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A Guide To Hinoki Essential Oil and Its Benefits and Uses

Aromatherapy supplies with the words A Guide To Hinoki Essential Oil Benefits and Uses and photo of a hinoki tree.

Hinoki essential oil (Chamaecyparis obtusa) can be distilled from the wood, roots, or needles (leaves) of the tree (or possibly a blend of all three). The chemistry and actions of the three types of oil are slightly different.

Also called Japanese cypress or hinoki cypress and native to Japan, the tree is now widely cultivated in temperate areas of the northern hemisphere. The wood is valuable in building palaces, temples, and shrines.

Basic Hinoki Facts

Plant family: Cupressaceae

Production: Hinoki wood is steam distilled from wood chips; hinoki leaf is steam distilled from the needles. A root oil is steam distilled from the tree's roots.

Aroma: The wood oil has a dry, woody scent with a sweet, slightly spicy undertone. The aroma varies between the wood, root and needle (leaf) oils.

Perfume/Aromatic note: Middle.

Is hinoki safe to use during pregnancy? Consult a professional.

Is hinoki essential oil safe for children? Yes, over age 2.

Cautions: None kwown.

Main components:

Hinoki Wood

  • alpha-cadinol
  • t-muurolol
  • gamma-cadinene
  • omega-cadinene

Hinoki Leaf

  • elemol
  • alpha-terpinyl acetate
  • gamma-eudesmol
  • bornyl acetate

Hinoki Root

  • longi-a-nojigiku alcohol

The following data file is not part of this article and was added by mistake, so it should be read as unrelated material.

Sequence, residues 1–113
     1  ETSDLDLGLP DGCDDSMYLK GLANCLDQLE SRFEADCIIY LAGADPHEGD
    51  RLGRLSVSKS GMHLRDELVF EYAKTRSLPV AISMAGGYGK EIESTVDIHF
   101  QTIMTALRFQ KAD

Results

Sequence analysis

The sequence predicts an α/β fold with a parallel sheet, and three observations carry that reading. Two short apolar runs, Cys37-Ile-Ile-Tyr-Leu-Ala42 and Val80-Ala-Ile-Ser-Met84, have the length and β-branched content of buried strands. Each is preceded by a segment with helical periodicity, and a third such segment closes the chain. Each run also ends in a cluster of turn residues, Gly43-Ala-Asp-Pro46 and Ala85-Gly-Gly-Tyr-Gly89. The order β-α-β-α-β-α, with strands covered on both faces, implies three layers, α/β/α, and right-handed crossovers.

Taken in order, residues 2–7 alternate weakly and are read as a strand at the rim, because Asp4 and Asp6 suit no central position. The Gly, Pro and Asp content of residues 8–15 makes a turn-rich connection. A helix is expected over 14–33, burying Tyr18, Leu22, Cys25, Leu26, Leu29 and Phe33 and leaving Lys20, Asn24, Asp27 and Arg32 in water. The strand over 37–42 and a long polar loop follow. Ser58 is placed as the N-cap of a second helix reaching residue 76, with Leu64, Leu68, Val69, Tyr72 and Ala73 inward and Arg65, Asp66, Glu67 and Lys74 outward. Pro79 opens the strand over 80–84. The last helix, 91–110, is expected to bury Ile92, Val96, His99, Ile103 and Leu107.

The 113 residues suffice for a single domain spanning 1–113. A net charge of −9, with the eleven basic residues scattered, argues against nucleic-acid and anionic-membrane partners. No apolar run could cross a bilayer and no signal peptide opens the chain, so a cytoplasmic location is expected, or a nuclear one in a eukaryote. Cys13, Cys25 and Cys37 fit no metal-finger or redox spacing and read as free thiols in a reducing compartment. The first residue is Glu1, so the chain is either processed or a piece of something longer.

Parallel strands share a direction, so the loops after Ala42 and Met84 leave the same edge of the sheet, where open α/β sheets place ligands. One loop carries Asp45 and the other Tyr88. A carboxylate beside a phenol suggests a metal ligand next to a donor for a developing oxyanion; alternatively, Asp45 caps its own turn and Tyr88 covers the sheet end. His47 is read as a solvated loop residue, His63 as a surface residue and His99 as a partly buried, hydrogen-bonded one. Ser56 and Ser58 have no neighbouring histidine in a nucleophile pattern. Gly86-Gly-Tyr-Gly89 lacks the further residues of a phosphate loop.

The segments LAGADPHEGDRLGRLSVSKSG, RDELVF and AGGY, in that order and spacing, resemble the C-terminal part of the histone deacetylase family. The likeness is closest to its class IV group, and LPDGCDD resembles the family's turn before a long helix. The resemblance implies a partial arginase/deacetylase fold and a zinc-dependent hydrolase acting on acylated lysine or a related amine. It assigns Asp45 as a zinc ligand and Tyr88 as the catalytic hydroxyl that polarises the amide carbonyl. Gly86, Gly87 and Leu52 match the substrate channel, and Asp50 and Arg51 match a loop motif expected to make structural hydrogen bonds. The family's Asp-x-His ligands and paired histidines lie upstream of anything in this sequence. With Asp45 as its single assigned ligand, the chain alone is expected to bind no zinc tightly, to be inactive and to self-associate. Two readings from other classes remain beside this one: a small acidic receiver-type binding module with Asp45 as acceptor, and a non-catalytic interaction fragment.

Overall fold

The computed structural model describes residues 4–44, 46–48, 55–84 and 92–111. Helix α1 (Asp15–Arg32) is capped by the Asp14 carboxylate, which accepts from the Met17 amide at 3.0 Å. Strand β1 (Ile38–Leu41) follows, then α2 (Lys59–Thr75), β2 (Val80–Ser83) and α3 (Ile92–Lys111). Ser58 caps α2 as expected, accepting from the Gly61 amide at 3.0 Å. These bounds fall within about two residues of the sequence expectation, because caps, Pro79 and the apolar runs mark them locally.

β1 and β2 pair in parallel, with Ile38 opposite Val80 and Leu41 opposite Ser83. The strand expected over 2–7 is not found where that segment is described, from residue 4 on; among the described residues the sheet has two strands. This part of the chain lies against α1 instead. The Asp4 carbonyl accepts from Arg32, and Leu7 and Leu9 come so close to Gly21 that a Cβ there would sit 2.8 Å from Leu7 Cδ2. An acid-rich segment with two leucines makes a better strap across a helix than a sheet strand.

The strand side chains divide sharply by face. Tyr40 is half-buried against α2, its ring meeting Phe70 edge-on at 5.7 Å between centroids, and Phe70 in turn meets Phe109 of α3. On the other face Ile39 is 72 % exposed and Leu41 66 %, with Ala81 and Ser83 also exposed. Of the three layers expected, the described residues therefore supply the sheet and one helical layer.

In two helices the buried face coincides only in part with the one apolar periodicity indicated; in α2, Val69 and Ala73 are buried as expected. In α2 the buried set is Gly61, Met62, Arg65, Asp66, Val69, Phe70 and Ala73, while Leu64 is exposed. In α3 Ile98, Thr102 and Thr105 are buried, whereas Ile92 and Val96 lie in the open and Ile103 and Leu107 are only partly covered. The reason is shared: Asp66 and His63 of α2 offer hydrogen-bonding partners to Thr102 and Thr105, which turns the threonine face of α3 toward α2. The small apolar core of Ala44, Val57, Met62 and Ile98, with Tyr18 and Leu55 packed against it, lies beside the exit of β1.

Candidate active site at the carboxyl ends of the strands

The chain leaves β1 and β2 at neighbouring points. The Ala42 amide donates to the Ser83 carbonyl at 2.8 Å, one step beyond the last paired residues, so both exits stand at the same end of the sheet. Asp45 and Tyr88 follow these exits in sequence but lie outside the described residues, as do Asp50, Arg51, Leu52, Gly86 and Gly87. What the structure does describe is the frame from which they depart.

• alpha-terpinyl acetate
  • longi-beta-camphenilan aldehyde
  • t-cadinol

Source: Essential Oil Safety, 2nd Edition

Hinoki Essential Oil Benefits and Uses

The Complete Guide to Clinical Aromatherapy: Hinoki helps relieve pain and inflammation, eliminate odors, and reduce candida and athlete's foot. The oil also acts as an insect repellent and has meditative benefits.
 
Stillpoint Aromatics: Hinoki helps reduce stress and anxiety, fight fungus, relieve sinus congestion and respiratory issues, protect against insects, and heal rashes, cuts, abrasions, and minor skin irritations. The essential oil also offers spiritual protection and is great for meditation and connecting to your higher self. The oil is calming, can help clear the mind, and can clear a room of negative energy.

Jeanne Rose: Hinoki oil helps heal minor cuts, scrapes, wounds, sores, pimples, pustules, and skin eruptions. Use the oil in a face mask to calm or moisturize the skin, for a spot treatment, to remove makeup, as a skin-conditioner, or in a cleansing water or toner.

Use hinoki leaf oil in inhalation blends for to calm and soothe stress. For diffusion, this oil blends best with citrus essential oil.

Hinoki essential oil can scents products ranging from skincare to deodorants and soaps. The root oil repels insects.

Salvatore Battaglia: In Traditional Chinese Medicine, hinoki wood oil strengthens the Lungs and balances the metal element. Use the oil in a blend to help relieve colds and flu, chronic cough, excessive phlegm, and sinus congestion.

Use hinoki to reduce stress, anxiety, and nervous tension. The oil promotes a calming and relaxing atmosphere that nurtures spiritual awareness. The scent dispels negativity, promotes spiritual calmness and tranquillity, and has a subtle grounding effect that stabilizes energy. The oil also repels insects.

Suggested essential oils to blend with hinoki wood:

  • To help relieve the symptoms of colds or flu: niaouli, myrtle, peppermint, pine, black spruce, or tea tree.
  • To reduce stress, nervous tension, and anxiety: bergamot, geranium, lavender, sweet orange, or sweet marjoram.
  • To promote confidence and self-esteem: atlas cedarwood, black pepper, ginger, pine, rosemary, or black spruce.
  • To promote inner calm and harmony: atlas cedarwood, bergamot, clary sage, or lavender.
  • For meditation to strengthen spiritual awareness: frankincense, lemon, myrrh, patchouli, sandalwood, or vetiver.

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Photo Credit: Σ64 - Own work, CC BY 3.0, via Wikimedia Commons